Industrial Revolution In 1750

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The origin of Industrial Revolution in 1750 in England really paved the way for the evolution of today’s many technologies. Prior to the revolution, many goods were handmade and businesses were family based. However, in the mid-late 1700s, power converted into steam power and handmade goods turned into machine-made goods, making it easier to create higher-end goods at a faster pace at great demand. In today’s society, a cotton shirt may not be considered as a technological advancement in comparison to a handheld electronic device but back in the mid-1700s to early 1800s, cotton has played an important role in shaping the Industrial Revolution. The evolution of manufacturing technology and the attitude of mercantilism heavily influenced the…show more content…
When the new inventions were introduced, the demand for more precise, higher-end products increased and the profit made played a huge factor. One of the first inventions that paved way for faster production was the creation of the sump pump. The sump pump replaced the use of animals and humans to push out the energy needed to power machines. In the 1730s, John K. created the flying shuttle loom which allowed weavers to produce cloth at which only minimal thread was needed to produce a lot of textiles. In the 1760s, the Spinning Jenny was created and this helped create multiple threads (approximately 4-24 threads) at once which help increase the amount of thread available to speed up the process of creating cloth. It was not until the 1760s when steam power was introduced and that served as one of the turning points for the Industrial Revolution. The introduction of the steam engine limited the need for human power (using hands to utilize machines) and sped up the process of creating cloth. Steam engines had the ability to link multiple looms at once and that produced mass production. Although the cloth and textile industry flourished, it was not until 1793 in Americas where the Cotton Gin was created. This machine was able to peel away the seeds from cotton and because of that, the cotton industry was slowly, but surely able to have many merchants taking notice. Because of its abundance, the price for…show more content…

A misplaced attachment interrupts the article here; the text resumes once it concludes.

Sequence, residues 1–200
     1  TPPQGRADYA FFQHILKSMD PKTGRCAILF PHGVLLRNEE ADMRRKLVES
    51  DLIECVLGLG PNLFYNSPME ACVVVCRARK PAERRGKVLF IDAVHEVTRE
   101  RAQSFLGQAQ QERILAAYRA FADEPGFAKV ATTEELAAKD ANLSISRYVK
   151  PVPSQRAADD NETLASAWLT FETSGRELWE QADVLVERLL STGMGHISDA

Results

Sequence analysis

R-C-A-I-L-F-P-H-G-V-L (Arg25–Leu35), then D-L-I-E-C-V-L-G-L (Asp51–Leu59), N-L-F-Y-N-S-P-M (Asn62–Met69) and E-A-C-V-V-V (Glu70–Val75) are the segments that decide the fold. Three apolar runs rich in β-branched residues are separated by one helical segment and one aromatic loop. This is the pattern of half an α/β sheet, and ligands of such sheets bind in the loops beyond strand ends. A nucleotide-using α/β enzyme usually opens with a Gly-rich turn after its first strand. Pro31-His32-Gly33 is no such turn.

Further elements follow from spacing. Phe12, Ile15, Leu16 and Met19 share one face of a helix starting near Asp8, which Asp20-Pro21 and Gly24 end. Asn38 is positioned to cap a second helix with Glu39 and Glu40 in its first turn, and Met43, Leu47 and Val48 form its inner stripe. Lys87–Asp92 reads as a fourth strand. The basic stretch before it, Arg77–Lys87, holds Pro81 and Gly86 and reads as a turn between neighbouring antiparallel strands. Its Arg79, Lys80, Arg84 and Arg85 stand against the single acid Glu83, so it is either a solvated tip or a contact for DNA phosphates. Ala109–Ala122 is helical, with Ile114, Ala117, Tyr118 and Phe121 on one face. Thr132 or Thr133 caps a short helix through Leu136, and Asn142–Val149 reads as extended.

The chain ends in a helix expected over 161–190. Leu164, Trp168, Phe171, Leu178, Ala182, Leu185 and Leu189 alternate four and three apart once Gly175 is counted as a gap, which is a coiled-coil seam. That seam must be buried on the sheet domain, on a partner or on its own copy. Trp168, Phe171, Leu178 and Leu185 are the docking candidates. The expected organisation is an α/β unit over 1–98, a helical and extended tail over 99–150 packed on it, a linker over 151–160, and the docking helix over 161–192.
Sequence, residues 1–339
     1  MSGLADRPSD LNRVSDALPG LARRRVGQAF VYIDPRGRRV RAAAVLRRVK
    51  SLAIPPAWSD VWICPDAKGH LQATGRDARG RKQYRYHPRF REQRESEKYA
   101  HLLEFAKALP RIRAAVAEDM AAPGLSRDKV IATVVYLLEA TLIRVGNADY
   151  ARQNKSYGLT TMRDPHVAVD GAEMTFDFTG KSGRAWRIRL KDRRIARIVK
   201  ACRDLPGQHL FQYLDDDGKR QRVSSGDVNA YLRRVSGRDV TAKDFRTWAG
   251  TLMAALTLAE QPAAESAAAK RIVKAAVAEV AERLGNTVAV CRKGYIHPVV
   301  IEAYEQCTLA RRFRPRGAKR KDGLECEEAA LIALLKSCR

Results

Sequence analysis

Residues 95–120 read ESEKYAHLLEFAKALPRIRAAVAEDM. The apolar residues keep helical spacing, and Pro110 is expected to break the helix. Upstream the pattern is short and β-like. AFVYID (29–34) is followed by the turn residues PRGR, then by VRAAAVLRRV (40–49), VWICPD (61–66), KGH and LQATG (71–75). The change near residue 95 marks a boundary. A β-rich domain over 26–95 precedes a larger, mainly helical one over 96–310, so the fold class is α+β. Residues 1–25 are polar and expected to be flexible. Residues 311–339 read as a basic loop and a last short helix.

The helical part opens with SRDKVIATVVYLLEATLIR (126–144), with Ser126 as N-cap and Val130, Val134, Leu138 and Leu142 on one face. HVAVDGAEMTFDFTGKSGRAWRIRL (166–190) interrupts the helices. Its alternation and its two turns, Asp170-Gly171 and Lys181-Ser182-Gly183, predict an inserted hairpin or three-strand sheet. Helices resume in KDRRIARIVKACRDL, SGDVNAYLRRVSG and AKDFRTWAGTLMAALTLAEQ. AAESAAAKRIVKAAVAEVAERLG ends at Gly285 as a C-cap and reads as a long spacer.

However, the new attitude of mercantilism created a more powerful, factory-owning class. In 1832, the majority of Parliament’s seats belonged to the factory-owning class and that alone, changed the course of the labor laws. The factory class wanted to get rid of labor shortages and to discourage the need to distribute relief to the poor. To do this, those who wanted relief need to work in the “poor house”. In this house, workers were separated by sexes and they had to work long hours in inadequate conditions (e.g. awful food, little to no breaks, continuous work with minimal pay). This then forced many of the unemployed to head up Northwest to seek steady work and this created the English working class. The new attitude of mercantilism really changed the society in the 1800s, from providing relief to the poor to only caring about wealth. This new found attitude would also be used to drive the change for
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